Twenty Years of the Children’s Internet Protection Act
by Anthony Aycock
Last year, I wrote about the first—and, to date, only—U.S. Supreme Court case about book banning (“ ‘The Right to Receive Ideas’: Island Trees Union Free School District v. Pico, 40 Years Later,” from the November/December 2022 issue). The case dates to 1976, when a New York school board, acting on a complaint from the conservative group Parents of New York United, removed several books from the high school library that it thought were “anti-American, anti-Christian, anti-Sem[i]tic and just plain filthy.”
Many of the books were about racial and ethnic minorities—Richard Wright’s Black Boy, Eldridge Cleaver’s Soul on Ice, and Piri Thomas’ Down These Mean Streets. In addition were the anonymously published Go Ask Alice, about a teen girl with a drug addiction, and Desmond Morris’ The Naked Ape, which compared humans to animals. There was also Kurt Vonnegut’s Slaughterhouse-Five, one of America’s most-banned books.
A group of students led by senior Steven Pico sued over the removals. The case made it to the Supreme Court, which in 1982 ruled in favor of the students, saying, in essence, that a school board can’t censor books just because it doesn’t like them. Twenty-one years later, the Supreme Court decided another case, United States v. American Library Association, involving children and information. Unlike Pico, the court in this case ruled in favor of government censorship. What’s going on here?
The origin of this case lies in the 1996 Communications Decency Act (CDA), a law that made it a crime for anyone to engage in online speech that was “indecent” or “patently offensive” if that speech could be viewed by a minor. The American Civil Liberties Union (ACLU) sued, arguing that the CDA was unconstitutionally vague and that it criminalized expression protected by the First Amendment.
The Supreme Court agreed and struck down the CDA. In his opinion, Justice John Paul Stevens wrote that “the interest in encouraging freedom of expression in a democratic society outweighs any theoretical but unproven benefit of censorship.” Congress tried again in 1998 with the Child Online Protection Act (COPA), which narrowed the range of prohibited material. (Note: This is not to be confused with COPPA, the Children’s Online Privacy Protection Act. Passed in 1998, this law, which is still in effect, limits websites in the services they can offer children younger than 13 without parental consent.) Again, the courts said no.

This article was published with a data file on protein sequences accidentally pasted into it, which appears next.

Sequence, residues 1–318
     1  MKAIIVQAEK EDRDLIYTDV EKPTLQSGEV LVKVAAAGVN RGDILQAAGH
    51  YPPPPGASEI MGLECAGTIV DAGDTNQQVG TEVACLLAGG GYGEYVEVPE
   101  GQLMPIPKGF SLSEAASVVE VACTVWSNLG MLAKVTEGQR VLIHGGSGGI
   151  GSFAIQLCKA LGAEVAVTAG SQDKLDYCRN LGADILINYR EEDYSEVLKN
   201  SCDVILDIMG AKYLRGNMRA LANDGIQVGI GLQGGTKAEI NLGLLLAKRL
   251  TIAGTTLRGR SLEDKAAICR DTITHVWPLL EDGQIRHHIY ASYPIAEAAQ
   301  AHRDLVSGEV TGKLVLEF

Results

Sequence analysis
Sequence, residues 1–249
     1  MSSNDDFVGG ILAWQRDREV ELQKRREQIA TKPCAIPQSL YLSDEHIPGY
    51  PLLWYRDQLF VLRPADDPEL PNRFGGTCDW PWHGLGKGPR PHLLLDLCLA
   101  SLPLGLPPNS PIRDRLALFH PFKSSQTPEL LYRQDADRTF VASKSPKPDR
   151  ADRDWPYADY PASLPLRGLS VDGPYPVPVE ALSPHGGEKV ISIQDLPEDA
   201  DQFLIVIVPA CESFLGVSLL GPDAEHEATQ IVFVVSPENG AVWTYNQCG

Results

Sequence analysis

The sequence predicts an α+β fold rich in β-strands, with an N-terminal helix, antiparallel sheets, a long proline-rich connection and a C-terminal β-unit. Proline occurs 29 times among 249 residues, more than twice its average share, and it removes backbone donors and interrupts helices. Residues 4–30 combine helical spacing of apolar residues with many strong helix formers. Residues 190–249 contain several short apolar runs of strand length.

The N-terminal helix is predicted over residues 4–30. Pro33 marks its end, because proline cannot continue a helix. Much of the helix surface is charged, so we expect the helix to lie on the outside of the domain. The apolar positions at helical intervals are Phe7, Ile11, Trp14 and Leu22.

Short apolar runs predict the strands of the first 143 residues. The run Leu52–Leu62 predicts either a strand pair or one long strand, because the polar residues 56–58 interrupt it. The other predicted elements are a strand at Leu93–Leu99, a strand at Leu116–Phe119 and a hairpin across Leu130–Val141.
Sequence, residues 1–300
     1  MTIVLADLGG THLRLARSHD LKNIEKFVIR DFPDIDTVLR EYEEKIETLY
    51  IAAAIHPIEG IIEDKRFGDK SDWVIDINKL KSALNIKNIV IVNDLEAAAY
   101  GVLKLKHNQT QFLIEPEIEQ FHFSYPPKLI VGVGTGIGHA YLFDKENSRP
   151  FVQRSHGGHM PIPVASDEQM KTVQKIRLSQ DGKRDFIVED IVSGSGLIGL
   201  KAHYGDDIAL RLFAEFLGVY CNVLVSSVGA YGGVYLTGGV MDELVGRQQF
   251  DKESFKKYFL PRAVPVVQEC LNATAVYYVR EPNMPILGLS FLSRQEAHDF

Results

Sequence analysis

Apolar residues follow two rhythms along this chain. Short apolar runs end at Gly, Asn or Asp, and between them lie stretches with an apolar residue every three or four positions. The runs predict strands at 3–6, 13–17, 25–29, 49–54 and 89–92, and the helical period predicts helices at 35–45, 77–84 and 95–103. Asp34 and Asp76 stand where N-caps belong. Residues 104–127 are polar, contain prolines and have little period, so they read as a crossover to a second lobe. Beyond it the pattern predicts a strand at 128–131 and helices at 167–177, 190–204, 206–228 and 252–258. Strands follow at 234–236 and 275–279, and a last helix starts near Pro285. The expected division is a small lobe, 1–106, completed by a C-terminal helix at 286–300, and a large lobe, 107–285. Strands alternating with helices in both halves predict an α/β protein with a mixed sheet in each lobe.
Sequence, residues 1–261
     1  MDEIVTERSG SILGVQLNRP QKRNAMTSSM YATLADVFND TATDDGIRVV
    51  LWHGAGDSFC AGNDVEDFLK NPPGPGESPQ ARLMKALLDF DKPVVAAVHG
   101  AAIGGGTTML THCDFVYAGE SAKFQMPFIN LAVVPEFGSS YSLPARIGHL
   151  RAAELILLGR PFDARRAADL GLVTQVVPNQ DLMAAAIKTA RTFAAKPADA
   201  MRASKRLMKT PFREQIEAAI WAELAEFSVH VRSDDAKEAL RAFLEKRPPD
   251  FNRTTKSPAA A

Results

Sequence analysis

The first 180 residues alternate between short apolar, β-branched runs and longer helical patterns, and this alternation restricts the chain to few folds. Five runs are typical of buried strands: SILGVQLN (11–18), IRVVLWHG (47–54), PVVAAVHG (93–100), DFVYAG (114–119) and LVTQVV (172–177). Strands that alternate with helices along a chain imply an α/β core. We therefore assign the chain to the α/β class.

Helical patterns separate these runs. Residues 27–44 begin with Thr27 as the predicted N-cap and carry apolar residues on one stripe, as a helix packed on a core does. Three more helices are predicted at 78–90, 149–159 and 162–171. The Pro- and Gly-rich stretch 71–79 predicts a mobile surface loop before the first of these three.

In 2000, Congress made a third attempt with the Children’s Internet Protection Act (CIPA), which requires entities that rely on E-rate—a federal program that discounts broadband internet for K−12 schools and libraries—to install “a technology protection measure” on each of its computers with internet capability. In other words, these schools and libraries have to block access to websites that are obscene (as defined by the 1973 case Miller v. California), child pornography (as defined by Title 18, Section 2256 of the U.S. Code, a federal statute), or content that is harmful to minors, defined by Title 20, Section 9134 of the U.S. Code as:
any picture, image, graphic image file, or other visual depiction that—(i) taken as a whole and with respect to minors, appeals to a prurient interest in nudity, sex, or excretion; (ii) depicts, describes, or represents, in a patently offensive way with respect to what is suitable for minors, an actual or simulated sexual act or sexual contact, actual or simulated normal or perverted sexual acts, or a lewd exhibition of the genitals; and (iii) taken as a whole, lacks serious literary, artistic, political, or scientific value as to minors.
THE COURT CASE